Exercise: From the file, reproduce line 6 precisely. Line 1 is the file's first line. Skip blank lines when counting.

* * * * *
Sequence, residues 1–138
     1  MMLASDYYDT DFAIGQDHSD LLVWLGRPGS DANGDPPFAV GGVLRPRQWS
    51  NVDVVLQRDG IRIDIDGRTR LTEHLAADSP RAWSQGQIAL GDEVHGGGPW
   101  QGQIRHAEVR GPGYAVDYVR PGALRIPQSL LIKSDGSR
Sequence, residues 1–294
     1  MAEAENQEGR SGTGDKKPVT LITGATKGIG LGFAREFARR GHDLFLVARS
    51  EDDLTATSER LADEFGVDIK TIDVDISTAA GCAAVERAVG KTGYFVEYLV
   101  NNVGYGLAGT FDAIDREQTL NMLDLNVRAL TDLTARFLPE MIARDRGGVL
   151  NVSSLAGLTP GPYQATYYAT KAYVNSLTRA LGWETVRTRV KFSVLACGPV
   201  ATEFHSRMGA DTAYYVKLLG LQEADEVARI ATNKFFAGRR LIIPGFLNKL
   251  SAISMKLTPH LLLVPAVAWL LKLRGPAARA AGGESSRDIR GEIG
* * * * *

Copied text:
     1  MAEAENQEGR SGTGDKKPVT LITGATKGIG LGFAREFARR GHDLFLVARS